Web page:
Author: Pete Loughlin

It's been my guilty secret for a few years now. I buy Apple stuff. Why the guilt? Because of Apple's reputation about their supply practices. The reputation says that Apple products are built in factories in far flung places where working conditions are so poor that overworked and underpaid staff are flinging themselves from the rooftops. But actually, the facts about Apple's supply chain have been difficult to ascertain because, like their product development, the details have always been a closely guarded secret. Until now that is.

Purchase to pay process, SOX controls, segregation of responsibilities - to a business they can, and are, seen as obstacles to just getting things do. But they are a necessary evil. Without them fraud would be rife. So what are the most common purchase to pay frauds? We can't know for certain which are employed most often but based on common knowledge and a bit of personal experience we think these are good candidates for the top six.

The global economic crisis is bad enough and forcing business to work with their hands tied behind their backs isn’t helping. The failure of the dominant western economies, the US and Europe in particular, to encourage better business processes is testament to their lack of vision, their ignorance and their weakness. While their economies are crumbling, their governments’ paranoid insistence in archaic and bureaucratic  record keeping is allowing competing economies to take leaps ahead.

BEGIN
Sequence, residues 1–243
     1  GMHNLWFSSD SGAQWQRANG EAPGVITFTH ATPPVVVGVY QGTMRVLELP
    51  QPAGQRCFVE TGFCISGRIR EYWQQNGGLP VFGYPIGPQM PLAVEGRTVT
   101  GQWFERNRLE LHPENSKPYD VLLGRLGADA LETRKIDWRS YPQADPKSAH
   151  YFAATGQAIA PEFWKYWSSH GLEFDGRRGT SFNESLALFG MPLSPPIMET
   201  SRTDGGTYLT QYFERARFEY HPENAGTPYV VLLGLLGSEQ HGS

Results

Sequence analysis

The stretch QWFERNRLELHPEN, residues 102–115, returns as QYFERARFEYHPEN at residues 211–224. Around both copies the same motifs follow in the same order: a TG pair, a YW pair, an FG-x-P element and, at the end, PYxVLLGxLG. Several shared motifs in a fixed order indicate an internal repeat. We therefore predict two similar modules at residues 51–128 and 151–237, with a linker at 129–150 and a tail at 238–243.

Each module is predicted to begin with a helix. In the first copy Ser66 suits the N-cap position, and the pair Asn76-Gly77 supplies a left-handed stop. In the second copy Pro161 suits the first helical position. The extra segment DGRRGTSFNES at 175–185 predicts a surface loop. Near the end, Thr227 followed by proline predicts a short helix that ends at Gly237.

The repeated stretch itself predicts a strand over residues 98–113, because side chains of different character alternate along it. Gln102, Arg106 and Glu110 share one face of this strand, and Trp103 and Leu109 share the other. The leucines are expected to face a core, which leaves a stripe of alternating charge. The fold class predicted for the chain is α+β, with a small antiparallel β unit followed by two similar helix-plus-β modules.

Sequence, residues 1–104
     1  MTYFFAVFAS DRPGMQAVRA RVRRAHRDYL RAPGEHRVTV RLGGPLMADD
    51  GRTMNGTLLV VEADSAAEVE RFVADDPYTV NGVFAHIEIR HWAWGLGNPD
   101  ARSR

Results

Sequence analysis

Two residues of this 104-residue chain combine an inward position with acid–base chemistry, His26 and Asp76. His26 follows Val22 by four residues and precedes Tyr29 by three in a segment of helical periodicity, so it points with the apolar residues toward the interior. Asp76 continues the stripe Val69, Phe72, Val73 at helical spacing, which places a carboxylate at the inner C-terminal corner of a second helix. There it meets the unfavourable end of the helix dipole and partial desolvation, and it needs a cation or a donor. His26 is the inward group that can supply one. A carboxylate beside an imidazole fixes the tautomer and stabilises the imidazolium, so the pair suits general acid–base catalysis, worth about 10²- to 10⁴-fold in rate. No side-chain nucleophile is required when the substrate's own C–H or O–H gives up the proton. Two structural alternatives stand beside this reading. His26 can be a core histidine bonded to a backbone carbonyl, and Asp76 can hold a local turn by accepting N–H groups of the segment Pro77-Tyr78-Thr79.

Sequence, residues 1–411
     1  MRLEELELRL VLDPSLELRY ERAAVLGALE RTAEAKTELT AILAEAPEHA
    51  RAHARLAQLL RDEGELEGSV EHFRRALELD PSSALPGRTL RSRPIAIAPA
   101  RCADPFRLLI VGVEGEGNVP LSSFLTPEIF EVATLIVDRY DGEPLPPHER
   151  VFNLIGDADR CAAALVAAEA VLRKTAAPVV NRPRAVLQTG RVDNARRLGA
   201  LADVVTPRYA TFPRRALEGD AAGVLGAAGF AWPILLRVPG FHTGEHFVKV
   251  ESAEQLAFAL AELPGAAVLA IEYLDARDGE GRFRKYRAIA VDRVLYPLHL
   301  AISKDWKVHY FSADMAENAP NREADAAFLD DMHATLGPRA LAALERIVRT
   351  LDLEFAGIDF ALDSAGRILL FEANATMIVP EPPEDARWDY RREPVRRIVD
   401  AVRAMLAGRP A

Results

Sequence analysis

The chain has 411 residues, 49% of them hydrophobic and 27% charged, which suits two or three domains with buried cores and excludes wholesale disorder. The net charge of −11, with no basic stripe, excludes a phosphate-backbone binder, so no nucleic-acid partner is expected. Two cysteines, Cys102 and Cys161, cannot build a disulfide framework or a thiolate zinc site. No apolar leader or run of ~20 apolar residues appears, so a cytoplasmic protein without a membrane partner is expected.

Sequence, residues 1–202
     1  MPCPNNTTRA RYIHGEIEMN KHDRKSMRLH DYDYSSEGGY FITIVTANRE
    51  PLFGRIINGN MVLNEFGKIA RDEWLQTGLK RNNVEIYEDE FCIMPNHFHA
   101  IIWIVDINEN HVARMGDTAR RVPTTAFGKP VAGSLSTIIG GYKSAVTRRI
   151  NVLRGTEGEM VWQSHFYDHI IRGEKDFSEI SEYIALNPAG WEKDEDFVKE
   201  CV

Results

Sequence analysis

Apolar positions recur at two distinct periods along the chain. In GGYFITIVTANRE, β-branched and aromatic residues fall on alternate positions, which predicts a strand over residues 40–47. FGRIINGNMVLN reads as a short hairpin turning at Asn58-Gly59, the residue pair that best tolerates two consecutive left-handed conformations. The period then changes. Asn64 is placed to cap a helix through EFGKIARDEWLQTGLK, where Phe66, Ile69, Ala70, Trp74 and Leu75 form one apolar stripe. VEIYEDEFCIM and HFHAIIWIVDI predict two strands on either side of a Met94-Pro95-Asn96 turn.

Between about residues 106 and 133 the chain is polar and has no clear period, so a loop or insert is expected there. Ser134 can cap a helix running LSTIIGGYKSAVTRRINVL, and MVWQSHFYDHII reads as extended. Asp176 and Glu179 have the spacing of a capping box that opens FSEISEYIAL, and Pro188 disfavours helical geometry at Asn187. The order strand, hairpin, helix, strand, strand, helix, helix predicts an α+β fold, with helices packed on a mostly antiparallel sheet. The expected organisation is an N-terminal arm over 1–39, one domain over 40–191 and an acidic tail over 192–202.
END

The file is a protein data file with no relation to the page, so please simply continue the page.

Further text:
People still debate whether social media and twitter in particular is a useful business tool for purchasing and finance people. There is still the perception that twitter is all about celebrities and politicians using it as a vehicle for self publicity. Well it is that but it's much more too and as more and more people embrace twitter in their professional lives, it can be difficult to know who is best to follow and why. Now, if you are still skeptical, there's a great paper that will help you out.

If you had a crystal ball for your business, would you use it? Of course you would. And what if it said that within the next decade, you’d be filing for chapter 11 protection and putting your patents – the core assets of your business – up for sale in an attempt to salvage something? You don’t need a crystal ball to see that the expected growth in electronic invoicing is going to send a few businesses - big names, healthy and substantial businesses – down exactly this route. Businesses who grew to support their customers in a paper world – a world that is disappearing rapidly – simply won’t survive the decade unless they make major adaptations to the way they work.

Ready for the new year, Patrick Harbin has published and amazing 50 ways to reduce costs in accounts payable.  They say about new year’s resolutions that you should ensure they are achievable so for those that think 50 major change management  programs in one year - that’s 1 per week – is a little too much, you might want to consider the first 5 because we think the first 5 are the best 5.